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Difference between Kanto and Kansai?
#21
I'm from Sapporo but Iived in Tokyo for a while. People are different everywhere and most people who live in Tokyo aren't even from there anyway.

I don't think it's necessary to say people from one place are somehow intrinsically better than another and as for your family saying things like people are cold and the food is shit...Well, that's just prejudice, plain and simple. I knew a woman slightly that said the same sort of crap about people from Osaka but that they were money-grubbing and inelegant. I was just like "don't wanna hear it lady."

I realise that in some situations stereotypes can be a useful way to deal with the world, and people, but I found many warm, helpful and funny people in Tokyo. It's true that I didn't find anyone as hilarious as say, some Kiwis I know but funny isn't the only thing I find important. I definitely had some pretty hilarious interactions with Japanese people I didn't know though, and did some good dancing with strangers in clubs for example which doesn't seem that reserved to me.

Perhaps if you expect people to behave a certain way they do: it's like a self-fulfilling prophecy.
[url="http://sasasunakku.com"]Sasasunakku[/url]
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#22
mmm sasa is right...
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#23
Interesting topic! From experience of living all around Japan, I do agree that Tokyo people seem to be cold and self-serving. But having said this, most of the people who live in Tokyo aren't really from Tokyo; they're from other regions. I think that it's an environmental factor, where most people who live here are professionals and tend to be under constant stress from life in the city. I know that this certainly applies to me. I don't think of myself as being cold and self-serving but I have been accused of it on several occasions.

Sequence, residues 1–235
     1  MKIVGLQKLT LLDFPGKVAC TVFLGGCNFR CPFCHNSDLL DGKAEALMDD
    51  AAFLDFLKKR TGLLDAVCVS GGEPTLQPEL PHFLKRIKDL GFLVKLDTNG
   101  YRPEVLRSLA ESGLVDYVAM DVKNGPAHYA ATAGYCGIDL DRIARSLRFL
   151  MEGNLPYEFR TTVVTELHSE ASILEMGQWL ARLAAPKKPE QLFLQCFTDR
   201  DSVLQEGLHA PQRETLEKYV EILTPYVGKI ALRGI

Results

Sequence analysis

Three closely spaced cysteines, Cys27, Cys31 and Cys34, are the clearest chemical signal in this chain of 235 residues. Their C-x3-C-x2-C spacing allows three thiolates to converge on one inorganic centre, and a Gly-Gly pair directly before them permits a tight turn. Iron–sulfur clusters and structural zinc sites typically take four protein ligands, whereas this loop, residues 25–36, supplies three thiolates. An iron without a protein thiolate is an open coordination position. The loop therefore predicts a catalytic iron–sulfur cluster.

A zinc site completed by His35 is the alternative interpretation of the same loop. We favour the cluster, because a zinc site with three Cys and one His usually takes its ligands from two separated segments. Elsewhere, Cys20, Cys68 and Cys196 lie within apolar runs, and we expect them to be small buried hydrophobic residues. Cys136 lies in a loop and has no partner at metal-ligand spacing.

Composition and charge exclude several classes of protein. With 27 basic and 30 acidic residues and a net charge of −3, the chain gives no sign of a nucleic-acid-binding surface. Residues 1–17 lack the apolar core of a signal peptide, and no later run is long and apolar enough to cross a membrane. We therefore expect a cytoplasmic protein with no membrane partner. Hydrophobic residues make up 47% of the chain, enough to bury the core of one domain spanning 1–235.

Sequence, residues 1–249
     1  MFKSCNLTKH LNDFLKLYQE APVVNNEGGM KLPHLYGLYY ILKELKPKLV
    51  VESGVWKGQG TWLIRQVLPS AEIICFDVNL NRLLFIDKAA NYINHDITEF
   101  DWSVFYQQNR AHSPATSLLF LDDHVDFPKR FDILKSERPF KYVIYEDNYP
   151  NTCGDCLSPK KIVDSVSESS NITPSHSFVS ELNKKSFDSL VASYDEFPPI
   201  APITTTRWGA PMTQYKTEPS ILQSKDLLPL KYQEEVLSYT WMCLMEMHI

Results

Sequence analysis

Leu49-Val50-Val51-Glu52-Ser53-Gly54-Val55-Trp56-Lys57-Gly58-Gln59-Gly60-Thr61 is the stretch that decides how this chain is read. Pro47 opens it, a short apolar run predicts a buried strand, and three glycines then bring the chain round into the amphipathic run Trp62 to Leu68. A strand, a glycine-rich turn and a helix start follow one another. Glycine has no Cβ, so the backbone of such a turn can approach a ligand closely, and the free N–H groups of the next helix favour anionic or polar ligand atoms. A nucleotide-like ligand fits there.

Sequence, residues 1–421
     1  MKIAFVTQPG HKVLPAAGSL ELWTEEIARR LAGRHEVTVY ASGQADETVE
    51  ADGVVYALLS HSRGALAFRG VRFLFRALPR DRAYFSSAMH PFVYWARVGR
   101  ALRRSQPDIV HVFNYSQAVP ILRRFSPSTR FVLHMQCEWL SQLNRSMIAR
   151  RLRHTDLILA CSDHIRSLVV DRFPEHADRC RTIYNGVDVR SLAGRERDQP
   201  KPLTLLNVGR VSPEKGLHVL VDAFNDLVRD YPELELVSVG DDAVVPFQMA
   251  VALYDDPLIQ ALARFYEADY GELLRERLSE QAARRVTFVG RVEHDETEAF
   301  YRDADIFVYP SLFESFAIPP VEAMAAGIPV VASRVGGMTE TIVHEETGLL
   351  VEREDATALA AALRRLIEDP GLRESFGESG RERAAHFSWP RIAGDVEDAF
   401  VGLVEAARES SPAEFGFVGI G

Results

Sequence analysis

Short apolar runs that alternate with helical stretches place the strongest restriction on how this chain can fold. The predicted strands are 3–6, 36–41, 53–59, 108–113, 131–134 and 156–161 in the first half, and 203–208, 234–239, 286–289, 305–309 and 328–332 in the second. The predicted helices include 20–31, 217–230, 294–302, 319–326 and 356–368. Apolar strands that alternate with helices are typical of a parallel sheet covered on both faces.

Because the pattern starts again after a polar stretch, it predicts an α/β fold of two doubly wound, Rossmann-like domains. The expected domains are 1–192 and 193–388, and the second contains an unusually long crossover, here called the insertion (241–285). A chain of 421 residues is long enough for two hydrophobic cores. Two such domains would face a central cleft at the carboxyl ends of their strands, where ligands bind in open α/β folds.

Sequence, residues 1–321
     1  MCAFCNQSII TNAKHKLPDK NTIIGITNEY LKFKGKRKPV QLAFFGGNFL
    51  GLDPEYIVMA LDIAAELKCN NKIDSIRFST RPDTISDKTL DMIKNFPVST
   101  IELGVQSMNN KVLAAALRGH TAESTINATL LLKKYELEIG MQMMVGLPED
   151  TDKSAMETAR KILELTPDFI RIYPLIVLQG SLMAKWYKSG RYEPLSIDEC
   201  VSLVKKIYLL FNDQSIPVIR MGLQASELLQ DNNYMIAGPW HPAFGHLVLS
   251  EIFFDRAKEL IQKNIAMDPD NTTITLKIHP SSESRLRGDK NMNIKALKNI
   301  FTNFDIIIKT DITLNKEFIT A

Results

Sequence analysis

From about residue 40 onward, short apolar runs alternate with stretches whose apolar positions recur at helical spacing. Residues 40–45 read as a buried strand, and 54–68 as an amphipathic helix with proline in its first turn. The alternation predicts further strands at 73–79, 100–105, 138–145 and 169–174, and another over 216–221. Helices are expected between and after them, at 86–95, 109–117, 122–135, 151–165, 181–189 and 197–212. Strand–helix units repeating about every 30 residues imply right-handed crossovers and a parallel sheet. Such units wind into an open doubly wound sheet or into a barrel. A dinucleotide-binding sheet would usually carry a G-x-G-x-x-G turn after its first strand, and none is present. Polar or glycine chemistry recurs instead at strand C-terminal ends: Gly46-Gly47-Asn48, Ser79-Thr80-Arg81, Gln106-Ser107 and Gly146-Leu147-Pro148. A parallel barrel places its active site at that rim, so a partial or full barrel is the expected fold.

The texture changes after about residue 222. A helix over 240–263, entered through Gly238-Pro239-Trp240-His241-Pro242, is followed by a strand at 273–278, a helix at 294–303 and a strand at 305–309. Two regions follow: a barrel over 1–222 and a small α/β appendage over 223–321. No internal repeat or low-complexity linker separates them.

I think the warmest and most hospitable people are up in the north. I use to work in Sendai when I first moved to Japan, and I found that the people up in Miyagi we're especially nice to me. Since its kind of "inaka", the foreign presence is still somewhat low, and so there is a lot of curiosity and interest of foreign culture and people, whereas in Tokyo, there are so many foreigners that people don't really care about your culture or where you're from. You're just another American, or Brit, or Indian etc..in a vast sea of foreigners. It really kind of makes me miss the old days in Tokyo when I use to turn heads just by walking down the street (not that I am an attention whore or anything), but it kind of felt nice to be noticed.
I'm not a real actor, but I play one on TV.
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#24
[quote name='MiraiZ' timestamp='1319792757' post='231072']

...most of the people who live in Tokyo aren't really from Tokyo; they're from other regions. I think that it's an environmental factor, where most people who live here are professionals and tend to be under constant stress from life in the city."

[/quote]

I agree with this as most of the people here in LA aren't originally from the area, yet they tend to share the same "bad" characteristics that LA people are known for such as being shallow and superficial. I definitely think it's an environmental thing where like-minded people gather in the same area for a particular reason (professionals to Tokyo to make it rich, budding actors to Hollywood to become famous, etc.), but of course there's always plenty of exceptions to the rule.



Having said that, most of my time in Japan has been in Tokyo, but what little time I spent in Osaka I definitely got the impression that the people in Kansai are warmer to strangers as a whole.
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